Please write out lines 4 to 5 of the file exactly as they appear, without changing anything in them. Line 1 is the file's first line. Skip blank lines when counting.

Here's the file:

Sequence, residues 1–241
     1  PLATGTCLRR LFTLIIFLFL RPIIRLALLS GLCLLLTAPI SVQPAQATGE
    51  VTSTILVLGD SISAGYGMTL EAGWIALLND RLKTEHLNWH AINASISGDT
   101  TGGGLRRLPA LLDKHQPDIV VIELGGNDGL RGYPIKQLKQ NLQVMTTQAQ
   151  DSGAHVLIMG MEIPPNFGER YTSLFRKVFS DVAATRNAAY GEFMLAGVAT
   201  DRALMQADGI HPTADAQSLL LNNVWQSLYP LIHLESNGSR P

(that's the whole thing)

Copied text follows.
   101  TGGGLRRLPA LLDKHQPDIV VIELGGNDGL RGYPIKQLKQ NLQVMTTQAQ
   151  DSGAHVLIMG MEIPPNFGER YTSLFRKVFS DVAATRNAAY GEFMLAGVAT